There’s a good chance you’ve seen Noam Galai’s face — even if you’ve never heard of him. That’s because a 2006 photo he took of himself screaming has been copied and used without permission by people, groups and companies around the world. “The Stolen Scream,” as the photo is called, has gone viral, appearing on t-shirts, magazine and book covers, and as political graffiti everywhere.
Galai, 27, is a New York-based Israeli photographer whose day job is in advertising design at AOL. In just a few short years, Galai has gone from an amateur self-taught photographer to an accomplished professional, shooting celebrities like Jay-Z, Leonard Cohen, Lady Gaga and Stevie Wonder in concert and the studio. A big sports fan, he has also gravitated toward photographing major games and matches in the U.S., Europe and Israel.
The Arty Semite recently spoke with Galai on the phone about his burgeoning photography career and an exclusive shot he took of Gilad Shalit on a recent under-the-radar visit to New York.
Renee Ghert-Zand: Was there a specific moment when you went from being an amateur photographer to a professional?
Noam Galai: I never had a turning point. Nothing happened that made me say: “From now on, I’m a professional photographer.” It just happened. I started getting more and more work. Every week, every month, it gets bigger and bigger. I know some other photographers have agents or managers or do a lot of marketing. But I work alone. I don’t have anyone that gets me work. It’s more like people hear about me from past clients or see my Facebook page.
You posted an exclusive photograph of Gilad Shalit on a recent visit to New York on your Facebook page. I don’t think anyone even knew he was in New York, so how did you find out?
I work for Maccabi now. I do graphics for them when I’m in New York, and when I’m in Israel, I do photography for them. A couple of months ago, when I was visiting Israel, I went to shoot a Maccabi Tel Aviv game. Gilad came to that specific game, and it was the first time he had been out in public like that. I took a few pictures of Gilad… It was a big mess at the game — all the photographers tried to get a photo of him by pushing their cameras on him, by being aggressive. I shot it from far away. You can tell that I zoomed in.
A day later, Maccabi Tel Aviv posted one of my pictures on their Facebook page. A friend of Gilad’s parents called me and wanted to thank me for not being aggressive and to say that Gilad liked the picture. From that, somehow, the connection was made. It started as a joke — I told Gilad he should come to New York some time. And two weeks later, in mid-February, he came to New York! We organized the whole thing as a random trip, like something for fun. He hung out with me in New York for a week and we also went to Orlando to the NBA All-Star Game. I have 500 to 600 pictures from his visit, but I can’t really post them right now. There was no other coverage of it. I’m the only photographer who got pictures of him while he was in New York.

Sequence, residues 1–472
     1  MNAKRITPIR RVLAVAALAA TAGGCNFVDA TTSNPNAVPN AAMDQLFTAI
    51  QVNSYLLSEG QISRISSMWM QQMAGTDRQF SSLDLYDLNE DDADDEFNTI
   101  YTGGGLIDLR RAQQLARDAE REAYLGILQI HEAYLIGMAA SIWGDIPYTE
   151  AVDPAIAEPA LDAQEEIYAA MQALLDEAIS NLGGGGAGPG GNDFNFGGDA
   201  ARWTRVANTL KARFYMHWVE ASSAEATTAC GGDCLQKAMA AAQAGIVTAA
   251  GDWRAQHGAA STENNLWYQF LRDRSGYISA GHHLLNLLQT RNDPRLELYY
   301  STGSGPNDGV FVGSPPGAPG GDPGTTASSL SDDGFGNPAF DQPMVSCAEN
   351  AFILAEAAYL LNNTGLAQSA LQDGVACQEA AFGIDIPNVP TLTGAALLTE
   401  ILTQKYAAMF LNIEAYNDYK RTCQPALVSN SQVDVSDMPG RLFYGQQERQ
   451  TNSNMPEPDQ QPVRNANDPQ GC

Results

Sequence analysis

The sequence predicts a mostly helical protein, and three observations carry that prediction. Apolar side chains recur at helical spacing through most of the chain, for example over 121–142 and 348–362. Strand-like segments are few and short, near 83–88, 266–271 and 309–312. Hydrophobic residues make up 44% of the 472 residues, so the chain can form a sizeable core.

Life Magazine chose your aerial photo of Lower Manhattan and the Tribute of Light taken on the 10th anniversary of 9/11 as one of its “2011 Pictures of the Year.” How were you able to get that shot?
I did it from a helicopter. It was an amazing experience to see everything from above. This is a good example of how I just run with an idea that I have. Every year I shoot the lights they do for 9/11. I try to change the angle each time. After I shot from Brooklyn, two spots in Jersey and then Staten Island, I thought about doing it from above. No one had ever thought of doing it. It wasn’t easy to get all the approvals. They closed the sky on that day, so no one was allowed to fly. But I asked for approvals and the police let me do it.
How do you feel about so many people using your “Stolen Scream” photo without your permission?
I’m not saying I’m happy about people using it, but in some ways it’s nice. It depends who is using it and for what. If it’s big companies and people making money from my picture, I’m not happy about that. I can’t really do anything about it. It’s really complicated because it’s so widespread, people don’t feel it’s from me anymore.
What are your thoughts on the fact that your face — an Israeli’s face — is being used as a rallying cry for freedom in Arab countries and Iran?
I spent exactly two minutes on this photo shoot, and it made so much impact around the world. The most recent appearances are in Syria, Gaza and Egypt. It’s cool, but it’s weird. Especially when I see it in Gaza, when they call Palestinians to march to Jerusalem (my hometown) to take over, or whatever, with my face. It’s surreal. I don’t feel like my face is going to destroy Jerusalem, but it’s interesting. They don’t know they’re using an Israeli guy on their posters and stuff. I don’t want to hear from them. If they want, they can use it, but I don’t want to start an Internet war because of who I am.
View a slideshow of photos by Noam Galai:
Slideshow: Noam Galai and 'The Stolen Scream'